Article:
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» Film-Tech Forum   » Operations   » Ground Level   » Cinema Fined $25,000 For Firing Someone Undercharging For A Hot Dog (Page 1)

 
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Author Topic: Cinema Fined $25,000 For Firing Someone Undercharging For A Hot Dog
Mitchell Dvoskin
Phenomenal Film Handler

Posts: 1869
From: West Milford, NJ, USA
Registered: Jan 2001


 - posted 10-21-2014 04:00 PM      Profile for Mitchell Dvoskin   Email Mitchell Dvoskin   Send New Private Message       Edit/Delete Post 
Fox News

quote: "Fox News"

Hot dog! Dublin cinema that fired worker for discounted snack ordered to pay more than $25,000
Published October 16, 2014
Associated Press

DUBLIN – An Irish cinema may have just bought the world's most expensive hot dog for an unfairly fired worker.

Ireland's employment appeals court on Thursday ordered Dublin's Cineworld to pay Carl Meade 20,000 euros ($25,640) for canning him over his illicit discount on a workplace snack.

Cineworld said it used surveillance footage to show Meade buying an extra-large hot dog, but paying only for a regular, and taking a slightly pricier brand of candy than what appeared on his signed receipt.

The total difference in cost between what he bought, and what he consumed? One euro ($1.28).

A three-judge panel found that the employer should have considered Meade's contention that he'd made an innocent mistake.

Meade worked three years for Cineworld before his 2012 dismissal for gross misconduct.

I really don't know what to say to this one. I'm not sure who I agree with.

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Frank Cox
Film God

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From: Melville Saskatchewan Canada
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 - posted 10-21-2014 04:17 PM      Profile for Frank Cox   Author's Homepage   Email Frank Cox   Send New Private Message       Edit/Delete Post 
I think he compounded the offence when he said that he made an "innocent mistake".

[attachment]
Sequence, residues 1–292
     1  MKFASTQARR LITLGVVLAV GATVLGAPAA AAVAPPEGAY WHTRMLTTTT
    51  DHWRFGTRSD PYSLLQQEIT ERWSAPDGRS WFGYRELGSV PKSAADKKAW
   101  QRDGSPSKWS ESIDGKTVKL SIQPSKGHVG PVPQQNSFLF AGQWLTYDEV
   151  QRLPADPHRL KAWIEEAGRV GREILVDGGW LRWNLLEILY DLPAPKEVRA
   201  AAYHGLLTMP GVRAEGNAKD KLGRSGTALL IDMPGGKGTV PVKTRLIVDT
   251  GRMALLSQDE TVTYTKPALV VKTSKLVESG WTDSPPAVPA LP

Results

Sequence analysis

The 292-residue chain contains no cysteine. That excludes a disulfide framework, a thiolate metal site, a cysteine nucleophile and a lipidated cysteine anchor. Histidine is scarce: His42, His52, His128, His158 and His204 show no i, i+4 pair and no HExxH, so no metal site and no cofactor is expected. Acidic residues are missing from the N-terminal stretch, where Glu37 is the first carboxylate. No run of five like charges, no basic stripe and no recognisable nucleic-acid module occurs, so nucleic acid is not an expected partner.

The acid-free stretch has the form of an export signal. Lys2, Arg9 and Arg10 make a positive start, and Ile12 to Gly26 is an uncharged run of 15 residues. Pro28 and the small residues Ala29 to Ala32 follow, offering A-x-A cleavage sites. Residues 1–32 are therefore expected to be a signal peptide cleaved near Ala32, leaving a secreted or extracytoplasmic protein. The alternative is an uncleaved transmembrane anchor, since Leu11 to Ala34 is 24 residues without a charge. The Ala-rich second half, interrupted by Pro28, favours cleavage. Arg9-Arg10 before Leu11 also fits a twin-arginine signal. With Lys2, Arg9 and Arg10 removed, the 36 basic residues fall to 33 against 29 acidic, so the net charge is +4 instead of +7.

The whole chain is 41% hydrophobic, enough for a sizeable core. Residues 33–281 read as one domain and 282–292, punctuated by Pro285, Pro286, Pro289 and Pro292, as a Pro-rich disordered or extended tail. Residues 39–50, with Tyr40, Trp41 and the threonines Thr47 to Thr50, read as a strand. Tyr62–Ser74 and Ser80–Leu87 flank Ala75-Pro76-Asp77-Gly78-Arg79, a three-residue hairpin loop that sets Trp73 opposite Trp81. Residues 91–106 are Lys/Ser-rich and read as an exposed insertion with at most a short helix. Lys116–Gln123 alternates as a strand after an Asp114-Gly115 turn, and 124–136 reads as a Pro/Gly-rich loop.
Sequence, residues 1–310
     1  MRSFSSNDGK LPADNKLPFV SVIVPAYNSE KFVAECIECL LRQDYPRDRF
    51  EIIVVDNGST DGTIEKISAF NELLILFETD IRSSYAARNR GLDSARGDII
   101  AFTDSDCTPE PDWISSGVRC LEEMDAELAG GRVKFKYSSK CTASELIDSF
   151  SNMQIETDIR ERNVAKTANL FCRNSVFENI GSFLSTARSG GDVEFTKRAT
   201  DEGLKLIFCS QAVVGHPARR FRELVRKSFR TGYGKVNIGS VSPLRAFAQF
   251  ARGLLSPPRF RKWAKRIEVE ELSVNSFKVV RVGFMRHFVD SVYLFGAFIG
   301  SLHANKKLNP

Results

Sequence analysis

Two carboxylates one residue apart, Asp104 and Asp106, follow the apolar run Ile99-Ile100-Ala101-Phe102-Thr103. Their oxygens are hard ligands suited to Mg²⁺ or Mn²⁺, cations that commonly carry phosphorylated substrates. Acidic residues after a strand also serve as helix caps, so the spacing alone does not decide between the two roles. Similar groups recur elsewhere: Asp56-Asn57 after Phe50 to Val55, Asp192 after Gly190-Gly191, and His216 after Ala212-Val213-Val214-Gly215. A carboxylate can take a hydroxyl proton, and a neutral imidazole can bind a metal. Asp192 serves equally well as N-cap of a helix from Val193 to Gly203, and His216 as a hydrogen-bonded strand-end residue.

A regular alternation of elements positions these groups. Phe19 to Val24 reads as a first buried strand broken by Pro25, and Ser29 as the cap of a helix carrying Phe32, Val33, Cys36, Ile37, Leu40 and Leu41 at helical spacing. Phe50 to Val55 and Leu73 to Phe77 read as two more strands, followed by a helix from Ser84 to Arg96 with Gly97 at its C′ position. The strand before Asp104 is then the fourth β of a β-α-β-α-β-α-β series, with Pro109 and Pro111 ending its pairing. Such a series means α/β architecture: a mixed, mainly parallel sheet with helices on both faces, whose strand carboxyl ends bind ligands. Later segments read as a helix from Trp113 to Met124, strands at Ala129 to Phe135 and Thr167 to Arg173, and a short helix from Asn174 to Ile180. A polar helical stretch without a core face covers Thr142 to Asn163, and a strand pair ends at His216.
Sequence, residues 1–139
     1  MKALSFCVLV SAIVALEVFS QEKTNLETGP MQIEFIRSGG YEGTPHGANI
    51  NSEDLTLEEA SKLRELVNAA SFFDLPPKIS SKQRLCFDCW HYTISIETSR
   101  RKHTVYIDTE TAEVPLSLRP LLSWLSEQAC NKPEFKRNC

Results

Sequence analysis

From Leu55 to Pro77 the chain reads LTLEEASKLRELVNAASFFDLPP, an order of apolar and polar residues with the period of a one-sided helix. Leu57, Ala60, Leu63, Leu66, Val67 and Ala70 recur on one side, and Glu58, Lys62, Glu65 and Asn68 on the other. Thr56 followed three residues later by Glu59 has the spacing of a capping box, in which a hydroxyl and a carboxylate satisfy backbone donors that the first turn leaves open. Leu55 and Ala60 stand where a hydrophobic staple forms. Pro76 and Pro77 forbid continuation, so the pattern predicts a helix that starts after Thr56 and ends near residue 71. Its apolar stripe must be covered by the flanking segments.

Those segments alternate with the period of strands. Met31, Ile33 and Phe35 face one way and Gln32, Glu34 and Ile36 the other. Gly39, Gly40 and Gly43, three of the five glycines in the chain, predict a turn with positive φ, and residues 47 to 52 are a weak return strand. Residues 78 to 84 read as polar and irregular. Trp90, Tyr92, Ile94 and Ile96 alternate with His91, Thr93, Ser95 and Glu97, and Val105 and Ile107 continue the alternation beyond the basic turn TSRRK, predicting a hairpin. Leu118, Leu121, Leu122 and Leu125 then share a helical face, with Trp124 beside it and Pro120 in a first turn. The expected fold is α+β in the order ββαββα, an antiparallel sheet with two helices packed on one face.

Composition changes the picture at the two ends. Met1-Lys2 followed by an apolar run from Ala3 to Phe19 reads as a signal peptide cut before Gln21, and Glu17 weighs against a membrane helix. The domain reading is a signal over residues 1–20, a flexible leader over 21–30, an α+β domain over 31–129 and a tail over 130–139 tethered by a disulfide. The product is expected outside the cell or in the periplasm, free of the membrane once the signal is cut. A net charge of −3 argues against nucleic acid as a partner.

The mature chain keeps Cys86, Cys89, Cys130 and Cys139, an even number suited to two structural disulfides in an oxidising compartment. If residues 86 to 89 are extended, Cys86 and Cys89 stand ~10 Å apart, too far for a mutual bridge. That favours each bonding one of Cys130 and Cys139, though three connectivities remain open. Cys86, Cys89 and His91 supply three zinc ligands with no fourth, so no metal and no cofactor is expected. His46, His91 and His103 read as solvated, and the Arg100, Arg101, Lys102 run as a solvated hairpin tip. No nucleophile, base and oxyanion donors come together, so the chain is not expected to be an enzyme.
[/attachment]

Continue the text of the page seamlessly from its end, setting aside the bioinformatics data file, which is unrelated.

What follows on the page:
An innocent mistake is underpaying for the hot dog. Underpaying for the hot dog AND the candy both isn't an innocent mistake.

If he had confessed, apologized and paid what he owed for that and any and all previous "mistakes", I *might* be more sympathetic to his cause. As it is, not so much.

Fired For Cause doesn't seem particularly unreasonable.

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Rick Raskin
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 - posted 10-21-2014 05:05 PM      Profile for Rick Raskin   Email Rick Raskin   Send New Private Message       Edit/Delete Post 
I'm inclined to agree with Frank. Theft is theft no matter how you color it. Fox news makes it appear that it was only 1 Euro, so no big deal. Regardless, I'd bet there was a track record with the employee that warranted investigation and the subsequent dismissal..

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Leo Enticknap
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 - posted 10-21-2014 05:59 PM      Profile for Leo Enticknap   Author's Homepage   Email Leo Enticknap   Send New Private Message       Edit/Delete Post 
quote: Article
A three-judge panel found that the employer should have considered Meade's contention that he'd made an innocent mistake.
So presumably if the employer had considered Meade's contention and then rejected it (i.e. stated explicitly that it did not believe him), the firing would have been legal?

I suspect that there are relevant facts we're not being told in this story. Cineworld wouldn't have had someone spending a lot of time going through CCTV tapes over just €1.